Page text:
Supplementing prenatal vitamins with vitamin D in doses of 2,000 International Units (IU) or less each day has a dramatic effect in 12-16 weeks.  Research shows it can reduce pregnancy loss, increase birth weight and decrease the risk of high blood pressure.  This further results in:

  • 55 percent lower chance of an underweight newborn
  • 65 percent lower chance of pregnancy loss or infant death
  • Significantly lower risk of infant high blood pressure

On the other hand, too much vitamin D is not necessarily better.  The same results do not occur when mothers take more than 2,000 IU per day.  Vitamin D during pregnancy is reportedly safe.  At least, it does not increase the risk of fetal or newborn mortality, birth defects or critical illness at birth.

Absent Screening for Vitamin D Levels During Pregnancy

Since vitamin D can offer such powerful benefits for expectant mothers and newborns, it is jarring to note there is currently no standard in place for screening pregnant women and young children for deficiency.  The American Academy of Pediatrics (AAP) suggests screening for SIDS risk, autism and growth and development among a host of other indicators of healthy moms and children.  The APP does not, however, recommend that doctors test for vitamin D deficiency.  Researchers suggest that vitamin D levels are so important that it may be time to add monitoring to regular well-child visits.

Tips for Getting Enough Vitamin D during Pregnancy and Early Childhood

Getting outside in sunlight is the best way to make sure that expectant moms and young kids do not have a dangerous vitamin D deficiency.  To maintain appropriate vitamin D blood levels, 10-30 minutes of midday sun several times per week is optimal.  Of course, recommendations for sun exposure depend on your skin pigmentation and sensitivity. 

Exposure to sunlight is not always possible or desirable, however, so try to get enough vitamin D by:

  • Using vitamin D drops or supplements for breastfed babies.  Formula is fortified with vitamin D, so breastfed babies are more likely to have a vitamin D deficiency, especially if they do not get enough sunlight.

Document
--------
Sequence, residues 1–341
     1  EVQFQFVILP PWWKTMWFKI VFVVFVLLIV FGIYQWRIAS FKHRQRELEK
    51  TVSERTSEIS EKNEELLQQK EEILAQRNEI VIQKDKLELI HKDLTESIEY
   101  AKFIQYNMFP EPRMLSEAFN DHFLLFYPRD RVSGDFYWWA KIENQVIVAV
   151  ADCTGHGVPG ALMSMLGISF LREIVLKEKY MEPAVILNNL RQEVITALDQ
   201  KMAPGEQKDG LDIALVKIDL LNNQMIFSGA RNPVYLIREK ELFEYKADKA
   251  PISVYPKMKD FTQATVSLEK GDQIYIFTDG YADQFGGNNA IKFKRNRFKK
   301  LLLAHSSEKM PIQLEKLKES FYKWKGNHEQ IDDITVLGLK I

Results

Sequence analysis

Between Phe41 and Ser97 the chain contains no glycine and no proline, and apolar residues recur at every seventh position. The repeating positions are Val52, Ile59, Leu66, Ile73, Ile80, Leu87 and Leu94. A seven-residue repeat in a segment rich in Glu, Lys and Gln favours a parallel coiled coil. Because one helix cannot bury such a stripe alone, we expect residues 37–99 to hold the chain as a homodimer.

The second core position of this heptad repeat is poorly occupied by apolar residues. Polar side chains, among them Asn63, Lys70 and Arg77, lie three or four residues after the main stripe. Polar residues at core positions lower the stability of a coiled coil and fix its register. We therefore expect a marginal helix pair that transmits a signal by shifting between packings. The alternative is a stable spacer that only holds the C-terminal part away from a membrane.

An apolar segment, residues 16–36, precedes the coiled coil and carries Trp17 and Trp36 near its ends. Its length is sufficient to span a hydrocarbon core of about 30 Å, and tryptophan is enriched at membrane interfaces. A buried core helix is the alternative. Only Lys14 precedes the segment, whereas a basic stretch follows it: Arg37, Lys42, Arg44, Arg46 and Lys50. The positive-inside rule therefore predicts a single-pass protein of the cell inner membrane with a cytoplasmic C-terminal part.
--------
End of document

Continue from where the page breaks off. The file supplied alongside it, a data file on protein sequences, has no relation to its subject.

• Opt for fatty fish and seafood like salmon, tuna, oysters and shrimp.
  • Eat mushrooms.  Mushrooms are the only entirely plant-based source of vitamin D.
  • Choose eggs from pasture-raised or free-range chickens and eat the yolks.
  • Try a UV light lamp.
  • Choose vitamin D fortified foods over the alternative.
  • Eat vitamin D rich foods, such as beef liver, cheese, orange juice, cereal, red meat and soy milk.

Have Questions about Birth Defects or Birth Injuries?

Expectant mothers rely on their healthcare providers to give them the facts about their health.  If you are deficient in a certain vitamin or nutrient, you hope that your doctor will inform you.  When you don’t have all the facts about your health, you can’t make the best decisions.

If your baby has a birth defect or has suffered a birth injury due to obstetrical malpractice, call Birth Injury Guide.  If your doctor was negligent and did not inform you about a deficiency or other health concern that caused a birth defect or birth injury, you may have grounds to take legal action.

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Maia Watkins

Page Medically Reviewed By Maia McSwiggan, MS, OTR/L

Maia McSwiggan, MS, OTR/L, is an occupational therapist with experience in the clinical and hospital settings. Maia has extensive experience working with children. She is a regular medical reviewer for Birth Injury Guide.

Meagan Cline

Written By Meagan Cline

Meagan Cline is a professional legal researcher and writer. She lends her expertise to the team at Birth Injury Guide to provide up-to-date and relevant content that clients can count on.